Omega-3 may be better suited to supplements, says Mintel

By Jess Halliday

- Last updated on GMT

Related tags: Dietary supplements, Nutrition

Consumers are not sure whether they are gaining enough omega-3 from functional foods, says Mintel, and the ingredient could be best suited to dietary supplements after all.

In the past few years omega-3 has been incorporated into ever more food products, including bread, milk and other dairy products, cereals, and even some confectionery. Consumer awareness has risen considerably, especially amongst those who have an aversion to eating fish, the main dietary source of DHA and EPA.

However some questions have been raised about ingredient’s efficacy and dosage.

Daily recommended levels from experts are about 500mg of EPA and DHA per day – although there is no official RDI (recommended daily intake). However most foods containing the ingredient have less than 100mg per serving, which means they do not meet the full needs of people eating them instead of eating fish.

One of the issues that often crops up with some fortification ingredients is that consumers are not sure if they are getting enough, how much they should be getting, and if what they are eating and drinking supplies enough,”​ said David Jago, director of innovation and Insight at Mintel GNPD.

“As consumers want more proof of what they are eating and what it is doing for them, we think that some supplement ingredients, such as omega-3, may move more strongly into dietary supplements rather than into food and beverage, as a way to answer those consumer concerns.”


Jago’s comments came in the form of predictions on ingredient trends for 2009, which were put together on the basis of product launches across all sectors, listed in Mintel’s Global New Products Database (GNPD).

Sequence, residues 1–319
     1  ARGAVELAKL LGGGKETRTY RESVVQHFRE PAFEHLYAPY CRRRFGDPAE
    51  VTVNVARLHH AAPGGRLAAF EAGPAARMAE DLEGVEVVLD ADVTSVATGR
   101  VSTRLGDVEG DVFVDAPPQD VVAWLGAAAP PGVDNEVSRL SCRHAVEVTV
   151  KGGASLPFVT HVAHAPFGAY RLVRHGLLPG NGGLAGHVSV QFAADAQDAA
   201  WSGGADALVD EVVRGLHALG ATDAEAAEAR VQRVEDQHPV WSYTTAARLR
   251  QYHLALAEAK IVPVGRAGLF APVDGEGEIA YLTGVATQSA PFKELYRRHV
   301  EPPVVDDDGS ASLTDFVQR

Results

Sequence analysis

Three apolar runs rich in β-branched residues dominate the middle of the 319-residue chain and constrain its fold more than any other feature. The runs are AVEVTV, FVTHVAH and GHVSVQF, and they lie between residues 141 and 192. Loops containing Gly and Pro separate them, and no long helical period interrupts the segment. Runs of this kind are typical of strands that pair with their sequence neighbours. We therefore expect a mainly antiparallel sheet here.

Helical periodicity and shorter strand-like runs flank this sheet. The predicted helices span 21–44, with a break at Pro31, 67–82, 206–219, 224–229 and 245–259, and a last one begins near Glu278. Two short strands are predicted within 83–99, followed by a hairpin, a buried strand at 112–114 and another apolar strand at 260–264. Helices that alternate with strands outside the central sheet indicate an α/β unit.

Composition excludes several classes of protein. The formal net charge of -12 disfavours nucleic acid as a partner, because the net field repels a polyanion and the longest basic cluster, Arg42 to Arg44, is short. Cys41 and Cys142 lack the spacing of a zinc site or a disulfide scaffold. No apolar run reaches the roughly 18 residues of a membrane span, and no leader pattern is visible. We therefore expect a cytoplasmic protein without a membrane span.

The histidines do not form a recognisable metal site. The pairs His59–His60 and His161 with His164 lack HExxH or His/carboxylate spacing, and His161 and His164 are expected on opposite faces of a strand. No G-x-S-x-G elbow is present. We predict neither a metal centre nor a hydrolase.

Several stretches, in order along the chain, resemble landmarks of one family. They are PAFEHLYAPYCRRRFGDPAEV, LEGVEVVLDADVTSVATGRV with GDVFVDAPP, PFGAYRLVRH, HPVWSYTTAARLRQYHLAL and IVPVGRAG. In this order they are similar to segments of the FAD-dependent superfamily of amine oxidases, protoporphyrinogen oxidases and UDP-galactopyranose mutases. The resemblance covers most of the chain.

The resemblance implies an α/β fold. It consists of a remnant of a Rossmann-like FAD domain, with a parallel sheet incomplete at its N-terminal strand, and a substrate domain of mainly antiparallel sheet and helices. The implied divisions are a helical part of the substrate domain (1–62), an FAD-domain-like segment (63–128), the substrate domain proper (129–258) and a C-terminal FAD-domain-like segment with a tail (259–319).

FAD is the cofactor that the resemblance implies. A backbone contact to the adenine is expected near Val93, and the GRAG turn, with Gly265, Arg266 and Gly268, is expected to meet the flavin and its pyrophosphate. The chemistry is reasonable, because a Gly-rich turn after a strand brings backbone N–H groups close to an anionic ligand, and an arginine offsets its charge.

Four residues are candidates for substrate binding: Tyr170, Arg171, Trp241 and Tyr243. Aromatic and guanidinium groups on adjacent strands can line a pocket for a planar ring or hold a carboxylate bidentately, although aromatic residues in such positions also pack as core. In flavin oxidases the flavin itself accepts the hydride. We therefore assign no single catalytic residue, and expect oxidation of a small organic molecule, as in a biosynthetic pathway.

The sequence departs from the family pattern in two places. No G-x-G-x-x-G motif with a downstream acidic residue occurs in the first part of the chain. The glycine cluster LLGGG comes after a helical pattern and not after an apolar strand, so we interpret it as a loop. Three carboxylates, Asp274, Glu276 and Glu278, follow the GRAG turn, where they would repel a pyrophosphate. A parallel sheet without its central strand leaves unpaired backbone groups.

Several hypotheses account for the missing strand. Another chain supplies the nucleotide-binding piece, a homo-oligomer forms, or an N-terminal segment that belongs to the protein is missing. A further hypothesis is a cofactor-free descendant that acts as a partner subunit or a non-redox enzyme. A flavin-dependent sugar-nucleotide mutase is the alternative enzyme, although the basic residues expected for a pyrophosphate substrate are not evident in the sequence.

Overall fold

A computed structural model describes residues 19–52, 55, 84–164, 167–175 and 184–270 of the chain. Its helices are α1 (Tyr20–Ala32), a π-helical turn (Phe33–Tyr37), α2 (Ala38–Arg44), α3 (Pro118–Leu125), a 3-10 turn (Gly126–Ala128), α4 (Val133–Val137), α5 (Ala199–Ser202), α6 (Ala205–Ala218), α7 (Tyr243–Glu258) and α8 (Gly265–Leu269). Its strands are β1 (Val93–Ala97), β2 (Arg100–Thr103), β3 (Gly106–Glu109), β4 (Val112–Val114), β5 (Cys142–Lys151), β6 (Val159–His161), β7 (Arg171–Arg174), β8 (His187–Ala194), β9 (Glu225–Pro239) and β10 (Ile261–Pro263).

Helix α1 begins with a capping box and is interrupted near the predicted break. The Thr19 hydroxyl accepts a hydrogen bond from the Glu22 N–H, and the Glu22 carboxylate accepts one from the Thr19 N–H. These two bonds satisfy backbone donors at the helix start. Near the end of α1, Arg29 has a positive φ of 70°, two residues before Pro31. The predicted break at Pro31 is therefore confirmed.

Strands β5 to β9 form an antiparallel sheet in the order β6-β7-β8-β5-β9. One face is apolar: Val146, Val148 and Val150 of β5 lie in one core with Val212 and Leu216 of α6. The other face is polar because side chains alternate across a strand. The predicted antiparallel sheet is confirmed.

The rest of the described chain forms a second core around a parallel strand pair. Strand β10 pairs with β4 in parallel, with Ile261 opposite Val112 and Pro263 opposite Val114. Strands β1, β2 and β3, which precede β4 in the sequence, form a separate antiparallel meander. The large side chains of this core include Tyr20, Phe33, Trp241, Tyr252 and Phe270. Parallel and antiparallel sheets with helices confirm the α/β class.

Other trends he has noted include the march towards the mainstream of ‘beauty from within’ – that is, ingredients used in food and supplements to have an outward effect on appearance.

However this trend does have a distinctly regional flavour bent.

In Asia, aloe, collagen and ceramide are popular in ‘beauty’ food and drink for health and beautiful skin. In the West, more companies emphasise antioxidant content for skin beautifying benefits.”

Traditional Chinese medicines also look to be gaining traction in the search for alternative therapies.

“We are seeing in nonfoods a stronger emphasis on herbal supplements and a focus on whole-body health. So, it is not just about treating specific issues but rather therapies that enhance overall wellbeing and health.”

Mintel has also made some predictions for ingredients trends geared towards functional foods and dietary supplements. Please see the parallel article on our sister site

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